When a video showing Lindsay Hilton going through the paces of her CrossFit workout went viral, the reaction of many users went something like this:
“Check out this amazing woman! If she can do CrossFit, I don’t have any excuses.”
Hilton has been hearing similar lines — the kind that reduce her physical feats to motivational moments for the able-bodied — her entire life.
The 30-year-old resident of Halifax, Nova Scotia, may have been born without any arms and legs, but it never occurred to her that her body should limit her athleticism, which has been on display since she began playing organized sports as a kid.
By middle school, she was playing on her school soccer team. In high school, she added field hockey and rugby to her list. The love affair with rugby continued through college and after graduation, when Hilton joined the Halifax Tars, a club team that she still plays for.
She’s always been drawn to being outdoors, pushing her physical limits and competing with teammates.
“People have called me inspirational throughout my entire life,” Hilton told The Washington Post. “I just think, you know, I’m kind of doing everyday activities. Because I’ve been the same way my whole life, I don’t see myself as different than anybody else.
“I’m not setting out to be inspirational. I’m trying to do things that I enjoy and that challenge me.”
Hilton’s latest challenge: CrossFit, the workout regimen practiced in warehouses around the world that combines a mixture of Olympic weight-lifting, sprints, gymnastics and plyometrics, also known as jump training.
She got involved with CrossFit by chance, when a local gym set up a booth at a rugby game Hilton was attending and offered a free membership to the person who could do the most “burpees” (example here) in a minute. That person, as it turned out, was Hilton, who managed to bang out 34 of the torturous exercises in 60 seconds.
That was in September. Over the past six months, Hilton has embraced the sport, including those exercises that have initially presented significant challenges for her body type. The sport has no shortage of adaptive athletes, many of whom are missing arms or legs or rely on wheelchairs to move around. Hilton has studied those that she’s been able to find, but she has yet to find someone like her — a person figuring out, among other things, how to do pull-ups and power cleans without hands.
“There is no blueprint,” she told The Post, noting that this is her first experience doing pull-ups and working with heavy weights. “Basically, everything I have accomplished with CrossFit has been trial and error. I may not be able to do every movement, but my attitude is I’ll just figure out a way to make it all work.”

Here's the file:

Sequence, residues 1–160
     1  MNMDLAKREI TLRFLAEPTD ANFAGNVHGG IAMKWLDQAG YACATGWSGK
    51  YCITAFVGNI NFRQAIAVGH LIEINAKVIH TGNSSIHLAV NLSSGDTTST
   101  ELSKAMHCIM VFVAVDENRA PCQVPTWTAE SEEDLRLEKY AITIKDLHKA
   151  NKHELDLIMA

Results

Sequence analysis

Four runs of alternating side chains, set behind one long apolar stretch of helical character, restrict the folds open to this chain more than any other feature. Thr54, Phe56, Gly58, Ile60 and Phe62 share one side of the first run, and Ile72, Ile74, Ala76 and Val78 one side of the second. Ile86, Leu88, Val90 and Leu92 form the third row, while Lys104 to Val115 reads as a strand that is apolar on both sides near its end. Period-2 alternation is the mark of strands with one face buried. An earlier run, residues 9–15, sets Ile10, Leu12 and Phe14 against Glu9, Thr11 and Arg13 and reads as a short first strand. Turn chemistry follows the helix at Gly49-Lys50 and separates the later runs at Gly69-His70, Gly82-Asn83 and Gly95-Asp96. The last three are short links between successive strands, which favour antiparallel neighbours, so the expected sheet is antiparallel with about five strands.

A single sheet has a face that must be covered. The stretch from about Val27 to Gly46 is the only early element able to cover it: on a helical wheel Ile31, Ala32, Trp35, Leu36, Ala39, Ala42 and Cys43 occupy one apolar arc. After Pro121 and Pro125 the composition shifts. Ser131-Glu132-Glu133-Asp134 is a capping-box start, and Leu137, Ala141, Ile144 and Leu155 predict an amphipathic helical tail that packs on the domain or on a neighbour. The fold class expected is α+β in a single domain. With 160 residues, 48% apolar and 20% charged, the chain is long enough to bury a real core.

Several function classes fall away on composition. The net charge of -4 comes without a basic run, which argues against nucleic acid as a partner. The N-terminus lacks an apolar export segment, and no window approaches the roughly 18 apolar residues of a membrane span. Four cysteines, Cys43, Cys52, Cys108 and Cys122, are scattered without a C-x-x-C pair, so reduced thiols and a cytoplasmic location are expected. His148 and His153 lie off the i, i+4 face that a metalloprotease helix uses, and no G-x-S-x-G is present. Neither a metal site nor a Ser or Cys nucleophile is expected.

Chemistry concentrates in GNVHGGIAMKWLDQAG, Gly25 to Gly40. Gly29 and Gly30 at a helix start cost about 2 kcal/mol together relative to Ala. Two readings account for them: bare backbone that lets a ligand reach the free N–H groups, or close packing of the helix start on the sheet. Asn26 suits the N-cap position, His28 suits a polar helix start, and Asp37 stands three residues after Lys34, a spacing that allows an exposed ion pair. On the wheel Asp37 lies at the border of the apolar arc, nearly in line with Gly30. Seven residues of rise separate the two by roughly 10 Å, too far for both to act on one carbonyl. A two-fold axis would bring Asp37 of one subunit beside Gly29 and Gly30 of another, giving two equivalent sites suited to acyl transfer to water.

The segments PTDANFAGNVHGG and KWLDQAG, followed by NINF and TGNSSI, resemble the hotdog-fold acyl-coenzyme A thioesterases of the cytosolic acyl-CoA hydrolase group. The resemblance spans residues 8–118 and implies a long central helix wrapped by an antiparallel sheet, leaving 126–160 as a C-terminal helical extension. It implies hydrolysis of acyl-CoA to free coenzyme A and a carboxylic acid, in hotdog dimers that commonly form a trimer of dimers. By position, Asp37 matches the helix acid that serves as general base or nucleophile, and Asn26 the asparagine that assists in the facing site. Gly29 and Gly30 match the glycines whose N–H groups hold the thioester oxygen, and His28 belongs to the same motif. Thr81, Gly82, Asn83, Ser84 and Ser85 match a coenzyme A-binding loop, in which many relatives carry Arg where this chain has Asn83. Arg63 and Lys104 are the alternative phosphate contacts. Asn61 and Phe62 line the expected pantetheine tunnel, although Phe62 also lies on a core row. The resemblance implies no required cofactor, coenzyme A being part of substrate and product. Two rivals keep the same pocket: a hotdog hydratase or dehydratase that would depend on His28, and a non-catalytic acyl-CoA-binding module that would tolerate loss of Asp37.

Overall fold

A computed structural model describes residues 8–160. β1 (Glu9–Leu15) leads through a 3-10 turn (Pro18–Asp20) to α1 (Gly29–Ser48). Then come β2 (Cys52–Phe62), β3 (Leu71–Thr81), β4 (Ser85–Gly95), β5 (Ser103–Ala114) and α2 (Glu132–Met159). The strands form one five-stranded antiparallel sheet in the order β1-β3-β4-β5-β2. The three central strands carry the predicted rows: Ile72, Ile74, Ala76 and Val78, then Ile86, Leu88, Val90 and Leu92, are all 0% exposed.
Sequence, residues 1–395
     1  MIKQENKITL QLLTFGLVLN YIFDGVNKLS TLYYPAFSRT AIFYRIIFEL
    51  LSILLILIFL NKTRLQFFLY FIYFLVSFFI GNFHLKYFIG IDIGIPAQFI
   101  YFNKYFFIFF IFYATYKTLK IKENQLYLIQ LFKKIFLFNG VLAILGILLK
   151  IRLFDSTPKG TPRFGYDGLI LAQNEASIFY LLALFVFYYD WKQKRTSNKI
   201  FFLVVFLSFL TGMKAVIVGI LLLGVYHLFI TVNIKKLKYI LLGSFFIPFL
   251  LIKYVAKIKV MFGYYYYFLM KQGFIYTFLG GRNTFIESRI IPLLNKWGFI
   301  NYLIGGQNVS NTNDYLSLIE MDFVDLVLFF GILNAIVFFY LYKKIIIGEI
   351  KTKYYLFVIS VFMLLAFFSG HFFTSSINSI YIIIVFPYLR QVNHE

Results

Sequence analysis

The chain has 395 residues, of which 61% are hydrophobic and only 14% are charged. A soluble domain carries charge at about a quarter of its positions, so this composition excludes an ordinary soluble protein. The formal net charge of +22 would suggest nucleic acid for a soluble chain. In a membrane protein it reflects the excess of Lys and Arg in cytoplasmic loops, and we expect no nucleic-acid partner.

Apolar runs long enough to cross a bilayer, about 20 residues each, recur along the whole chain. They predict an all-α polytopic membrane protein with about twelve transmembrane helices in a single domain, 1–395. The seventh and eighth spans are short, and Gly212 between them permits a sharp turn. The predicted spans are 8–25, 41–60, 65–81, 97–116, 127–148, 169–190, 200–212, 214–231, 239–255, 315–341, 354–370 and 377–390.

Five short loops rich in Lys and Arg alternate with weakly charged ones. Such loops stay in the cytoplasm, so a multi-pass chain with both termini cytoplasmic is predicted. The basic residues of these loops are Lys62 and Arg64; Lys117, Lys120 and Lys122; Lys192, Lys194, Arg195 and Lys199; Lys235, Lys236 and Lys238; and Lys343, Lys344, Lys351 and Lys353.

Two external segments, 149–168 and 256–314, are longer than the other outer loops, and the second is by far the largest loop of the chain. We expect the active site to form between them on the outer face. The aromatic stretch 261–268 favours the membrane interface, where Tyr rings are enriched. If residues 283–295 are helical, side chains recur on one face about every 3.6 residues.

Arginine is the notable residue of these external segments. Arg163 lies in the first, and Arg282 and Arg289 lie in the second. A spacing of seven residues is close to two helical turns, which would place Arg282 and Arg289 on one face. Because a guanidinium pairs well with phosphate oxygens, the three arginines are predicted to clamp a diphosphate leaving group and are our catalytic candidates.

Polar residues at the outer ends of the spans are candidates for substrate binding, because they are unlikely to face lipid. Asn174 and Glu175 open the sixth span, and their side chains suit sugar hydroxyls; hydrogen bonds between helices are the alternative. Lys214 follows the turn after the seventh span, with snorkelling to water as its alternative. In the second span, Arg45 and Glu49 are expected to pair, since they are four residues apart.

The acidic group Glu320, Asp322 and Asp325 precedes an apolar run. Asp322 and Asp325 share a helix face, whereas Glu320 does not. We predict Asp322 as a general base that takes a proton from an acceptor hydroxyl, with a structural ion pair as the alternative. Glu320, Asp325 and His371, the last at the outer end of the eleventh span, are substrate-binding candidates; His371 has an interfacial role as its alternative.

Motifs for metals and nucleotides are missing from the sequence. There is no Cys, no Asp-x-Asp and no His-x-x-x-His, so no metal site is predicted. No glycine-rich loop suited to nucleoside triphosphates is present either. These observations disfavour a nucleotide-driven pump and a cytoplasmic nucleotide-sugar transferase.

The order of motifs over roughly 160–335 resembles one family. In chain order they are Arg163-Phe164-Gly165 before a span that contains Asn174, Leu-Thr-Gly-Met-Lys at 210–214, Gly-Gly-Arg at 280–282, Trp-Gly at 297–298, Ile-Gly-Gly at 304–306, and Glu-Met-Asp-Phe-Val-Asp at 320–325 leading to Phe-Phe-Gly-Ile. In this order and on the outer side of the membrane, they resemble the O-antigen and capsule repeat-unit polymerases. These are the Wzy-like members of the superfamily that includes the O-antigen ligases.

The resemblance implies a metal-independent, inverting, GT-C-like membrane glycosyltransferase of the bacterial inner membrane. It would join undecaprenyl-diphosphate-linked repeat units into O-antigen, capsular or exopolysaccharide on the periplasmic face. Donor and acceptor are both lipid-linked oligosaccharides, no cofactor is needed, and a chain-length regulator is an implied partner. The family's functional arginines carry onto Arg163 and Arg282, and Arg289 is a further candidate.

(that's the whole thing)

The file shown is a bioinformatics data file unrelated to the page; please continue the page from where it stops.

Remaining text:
Her adaptability does not come without effort, but she has a way of making that effort look natural. For deadlifts and pull-ups, she attaches a velcro wrist wrap to her arms. The wrap is connected by chains to metal hooks that allow her to raise a weighted bar or hang from one above to lift her own body weight.
“Any overheard stuff with a bar is a work in progress,” she said, noting that for now she uses kettle bells to simulate power cleans. “Maybe I can’t do a full snatch, but I can still do something that works those same muscles in a different way.”
“Every workout at CrossFit is scalable and adaptable,” she added.”
During a recent day in the gym, Hilton asked a friend to film as she performed several of those exercises. She was hoping to watch the film and critique her pull-ups.
She never expected that the footage would make its way to CrossFit headquarters, which posted Hilton’s workout on its Facebook page, where it went viral.
“One of our awesome adaptive athletes crushing 16.1!” —Jenny Mulock, CrossFit OnSide
Posted by CrossFit on Wednesday, March 9, 2016
For Hilton, the video’s value does not lie in its ability to inspire lazy people with arms and legs to get in shape. What makes the footage special, she said, is that it may help future adaptive athletes realize that a sport like CrossFit can be inclusive and that a wide range of body types can lead active lives.
She’s not an inspiration, she said, but an example, one that she’s been setting since childhood.
“I had a great childhood,” she told The Post. “I had great coaches and teachers who were always willing to make things work for me and encouraged me to take risks. Adaptive athletes — especially young ones — need people who say, ‘Let’s figure it out!’ versus ‘No, it’s too scary.”
“I’ve had more of the ‘Let’s figure it out’ type people in my life and that video is proof.'”